While the concept of e-commerce has been around since the late 1990’s, it’s over the past decade that online shopping has really boomed, with the rise in online-shopping-popularity accompanied by claims of the ‘death of the high-street’. But what if it isn’t the act of in-store shopping that customers have grown weary of, but the traditional set-up of physical stores?
A 2019 article entitled ‘Why the Physical Store Model is Dead’, stated that ‘anyone who wants to operate a physical store must convince consumers that it’s worth their time to go there to shop’. This seems obvious, and yet four years later we are still watching once-flourishing high-street destinations tread water in a bid to stay alive.
The most obvious example of this is Oxford Street. In a recent article by The Drum, agency leaders based in London’s retail centre discussed the demise of what they describe as the previous ‘Bastion of British retail’. The cause, they say, is that shops aren’t putting the same effort into the physical experience as they used to. Once upon a time, Oxford Street’s flagship stores promised consumers access to launches and experiences that they couldn’t get elsewhere; Topshop had an entire floor dedicated to indie-brand pop-ups, nail bars and, at one point, a florist.
Now, stores don’t offer customers anything that they can’t access online other than the ability to try clothes on for size. And with the stress that comes from battling tubes, buses and other shoppers, and the rise of buy-now-pay-later brands such as Klarna and ClearPay, fitting rooms simply aren’t enough of a draw. Sat in the shadow of their online counterparts, physical stores feel like a tick-box, rather than a crucial stage in the retail experience.
So, how can brands restore the physical high-street to its former glory? The key is to stop thinking of online and offline as separate and blend the two to create one improved shopping experience.
Using digital to enhance the physical
Take Nike for example. They took the mass data gained from all their Nike apps and online shoppers in specific locations to create Nike Live: hyper localised retail spaces that curate stock based on the interests and needs of local customers. By understanding the opportunity for digital to enhance the physical experience, they developed retail spaces that offer the customised convenience of online shopping. Consumers can even browse the available products of these stores online and reserve them for ‘curb side pickup’, where a Nike representative will bring your items out to your car. Everything about these spaces is designed to offer a custom, localised, individual experience that provides both speed and convenience.
Another brand using digital to bring new life to their physical stores is Reformation. Using touchscreen monitors, customers can add items from their chosen store’s collection to a dressing room (in whatever colour and size they like), and a store representative will load the items into the ‘magic wardrobe’ for them. Whilst trying items on, customers can then use the in-dressing room iPads to request different sizes and colours, and even adjust the lighting to suit them. Not only does this create a high-end shopping experience for consumers, but it has given Reformation new customer insights that enable them to better forecast inventory and plan future decisions based on the wants and needs of local customers.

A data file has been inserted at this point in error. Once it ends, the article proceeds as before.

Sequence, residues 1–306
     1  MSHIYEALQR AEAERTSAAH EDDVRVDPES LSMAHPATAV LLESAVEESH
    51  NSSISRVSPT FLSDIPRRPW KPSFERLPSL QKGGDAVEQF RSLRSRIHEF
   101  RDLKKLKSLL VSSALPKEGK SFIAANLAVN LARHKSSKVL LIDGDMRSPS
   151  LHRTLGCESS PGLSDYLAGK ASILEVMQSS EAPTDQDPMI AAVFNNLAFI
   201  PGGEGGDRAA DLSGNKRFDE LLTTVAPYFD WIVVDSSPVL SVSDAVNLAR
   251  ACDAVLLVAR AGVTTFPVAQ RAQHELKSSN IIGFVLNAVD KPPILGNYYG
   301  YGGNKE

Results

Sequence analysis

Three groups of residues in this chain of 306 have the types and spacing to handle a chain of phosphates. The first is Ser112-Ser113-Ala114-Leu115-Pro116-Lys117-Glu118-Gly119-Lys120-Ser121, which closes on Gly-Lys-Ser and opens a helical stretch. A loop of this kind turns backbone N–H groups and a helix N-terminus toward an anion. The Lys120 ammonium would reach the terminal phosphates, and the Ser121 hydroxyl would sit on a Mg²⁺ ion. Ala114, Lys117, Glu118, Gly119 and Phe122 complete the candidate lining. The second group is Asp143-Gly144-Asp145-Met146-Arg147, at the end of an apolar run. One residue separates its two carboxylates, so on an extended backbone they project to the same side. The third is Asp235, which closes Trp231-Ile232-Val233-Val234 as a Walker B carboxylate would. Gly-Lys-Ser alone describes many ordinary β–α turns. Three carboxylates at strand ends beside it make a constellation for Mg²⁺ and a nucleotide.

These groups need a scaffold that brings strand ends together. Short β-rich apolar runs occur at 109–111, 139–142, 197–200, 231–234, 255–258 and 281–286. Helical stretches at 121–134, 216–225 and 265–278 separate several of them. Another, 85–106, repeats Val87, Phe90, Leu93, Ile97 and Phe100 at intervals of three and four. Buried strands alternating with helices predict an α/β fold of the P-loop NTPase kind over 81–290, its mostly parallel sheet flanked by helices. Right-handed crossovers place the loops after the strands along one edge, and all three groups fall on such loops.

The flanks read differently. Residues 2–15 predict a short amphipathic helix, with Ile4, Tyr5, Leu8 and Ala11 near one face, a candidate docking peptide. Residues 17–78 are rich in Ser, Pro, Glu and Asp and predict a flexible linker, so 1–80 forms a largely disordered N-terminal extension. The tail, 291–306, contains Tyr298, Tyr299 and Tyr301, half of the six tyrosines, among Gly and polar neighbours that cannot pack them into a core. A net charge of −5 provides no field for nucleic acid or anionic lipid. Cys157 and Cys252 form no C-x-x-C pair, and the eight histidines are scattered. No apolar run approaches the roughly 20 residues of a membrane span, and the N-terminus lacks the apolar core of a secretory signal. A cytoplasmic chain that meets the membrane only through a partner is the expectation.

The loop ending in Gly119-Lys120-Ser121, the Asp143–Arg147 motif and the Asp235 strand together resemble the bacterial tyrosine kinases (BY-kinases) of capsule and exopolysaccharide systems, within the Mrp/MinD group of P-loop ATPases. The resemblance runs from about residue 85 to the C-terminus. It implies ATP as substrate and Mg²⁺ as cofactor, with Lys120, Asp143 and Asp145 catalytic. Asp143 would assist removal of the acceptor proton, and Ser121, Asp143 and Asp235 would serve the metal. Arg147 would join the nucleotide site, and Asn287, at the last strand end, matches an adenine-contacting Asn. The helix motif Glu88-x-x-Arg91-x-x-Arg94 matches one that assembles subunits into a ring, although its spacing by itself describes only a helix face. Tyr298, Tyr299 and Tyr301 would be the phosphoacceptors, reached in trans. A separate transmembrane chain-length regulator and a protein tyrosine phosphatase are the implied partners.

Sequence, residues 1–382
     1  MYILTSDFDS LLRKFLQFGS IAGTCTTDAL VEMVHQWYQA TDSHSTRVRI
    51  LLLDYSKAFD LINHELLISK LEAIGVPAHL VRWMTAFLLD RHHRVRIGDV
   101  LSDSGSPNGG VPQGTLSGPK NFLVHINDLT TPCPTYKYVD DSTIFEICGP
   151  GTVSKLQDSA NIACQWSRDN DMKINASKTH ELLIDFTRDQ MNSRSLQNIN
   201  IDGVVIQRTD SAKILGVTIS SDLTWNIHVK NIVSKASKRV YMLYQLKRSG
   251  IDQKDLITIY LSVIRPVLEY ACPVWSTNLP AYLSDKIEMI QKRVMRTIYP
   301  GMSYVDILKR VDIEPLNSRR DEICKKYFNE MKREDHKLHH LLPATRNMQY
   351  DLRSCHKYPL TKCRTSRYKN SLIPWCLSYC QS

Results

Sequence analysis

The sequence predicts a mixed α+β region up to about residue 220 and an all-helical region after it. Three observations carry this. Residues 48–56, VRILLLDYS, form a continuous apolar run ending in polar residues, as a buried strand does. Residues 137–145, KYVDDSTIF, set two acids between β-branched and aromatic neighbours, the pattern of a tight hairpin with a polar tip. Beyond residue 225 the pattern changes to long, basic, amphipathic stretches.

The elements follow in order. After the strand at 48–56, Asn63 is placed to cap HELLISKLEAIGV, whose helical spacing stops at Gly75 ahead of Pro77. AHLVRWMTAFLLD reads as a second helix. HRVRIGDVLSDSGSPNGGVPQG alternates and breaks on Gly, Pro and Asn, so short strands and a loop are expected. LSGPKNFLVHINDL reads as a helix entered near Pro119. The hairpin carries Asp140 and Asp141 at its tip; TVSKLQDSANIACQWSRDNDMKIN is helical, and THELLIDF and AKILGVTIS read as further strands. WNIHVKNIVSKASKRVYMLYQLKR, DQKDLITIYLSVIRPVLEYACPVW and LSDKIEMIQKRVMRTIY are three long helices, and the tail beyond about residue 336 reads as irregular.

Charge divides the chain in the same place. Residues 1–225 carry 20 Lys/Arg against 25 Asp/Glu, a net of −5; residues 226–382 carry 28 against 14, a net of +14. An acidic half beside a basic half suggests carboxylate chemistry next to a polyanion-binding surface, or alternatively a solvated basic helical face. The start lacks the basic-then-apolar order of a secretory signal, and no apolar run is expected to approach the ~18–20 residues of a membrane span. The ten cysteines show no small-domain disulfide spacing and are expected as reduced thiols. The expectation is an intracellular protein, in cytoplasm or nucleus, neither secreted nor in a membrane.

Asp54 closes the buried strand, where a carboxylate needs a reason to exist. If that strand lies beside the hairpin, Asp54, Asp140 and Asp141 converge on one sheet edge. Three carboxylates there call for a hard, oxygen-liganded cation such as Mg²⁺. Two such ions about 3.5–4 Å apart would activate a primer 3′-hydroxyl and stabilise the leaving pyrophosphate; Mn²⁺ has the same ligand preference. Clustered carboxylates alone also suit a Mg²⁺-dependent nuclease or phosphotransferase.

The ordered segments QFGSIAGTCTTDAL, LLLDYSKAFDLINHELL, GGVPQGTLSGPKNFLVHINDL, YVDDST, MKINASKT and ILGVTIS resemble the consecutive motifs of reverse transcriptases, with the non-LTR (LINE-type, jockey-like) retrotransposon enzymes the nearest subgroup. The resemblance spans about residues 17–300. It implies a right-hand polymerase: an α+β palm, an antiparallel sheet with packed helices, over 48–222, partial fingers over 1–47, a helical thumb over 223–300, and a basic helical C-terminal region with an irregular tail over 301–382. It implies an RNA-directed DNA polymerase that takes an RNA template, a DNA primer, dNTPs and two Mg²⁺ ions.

Transforming the retail experience
Both examples demonstrate the benefits of blending online and offline retail offerings to create one enhanced shopping experience, but what if we could use digital to not just improve the in-store experience, but transform it completely?
HYPERVSN is a ‘phygital solutions’ company that uses holograms to create immersive, 3D retail experiences. From digital product catalogues that customers can control with their hands, to entire smart walls, and even holographic store representatives, HYPERVSN’s solutions give brands the power to transform traditional shopping into a fully immersive experience.
Not only do such experiences drive increased footfall and engagement, but they enable stores to showcase their entire product range without the need for physical products. Stores could, therefore, be selective with their stock, personalising their physical offering based on data collected via these digital interactions.
A new opportunity space for brands
While HYPERVSN’s solutions present opportunities to create truly immersive shopping experiences, both Nike and Reformation have shown that brands don’t need to integrate cutting-edge technology to enhance their physical retail space. Small digital executions have the power to create a high-end offline experience with all the convenience of online shopping. For example, imagine if could browse your favourite store online, pick your desired clothes in the sizes you need and reserve a timeslot to try them on? No queues, no trawling through rails just to find out they don’t have your size; a seamless, convenient shopping experience.
For brands, this would not only set their physical space apart from the crowd but enable them to be selective about the products and sizes they stock, based on consumer data. Like Nike and Reformation, brands would likely discover that customer wants differ varying on location; by understanding their consumers they could tailor their offering, better serving their local community but also preventing the need for end-of-season sales to get rid of dead stock.
Ultimately, the opportunities for blending the online and in-store shopping experience are numerous, and brands have an exciting chance to elevate their physical retail spaces to entice customers back into stores. Brands that choose to ignore this opportunity, however, risk falling behind.
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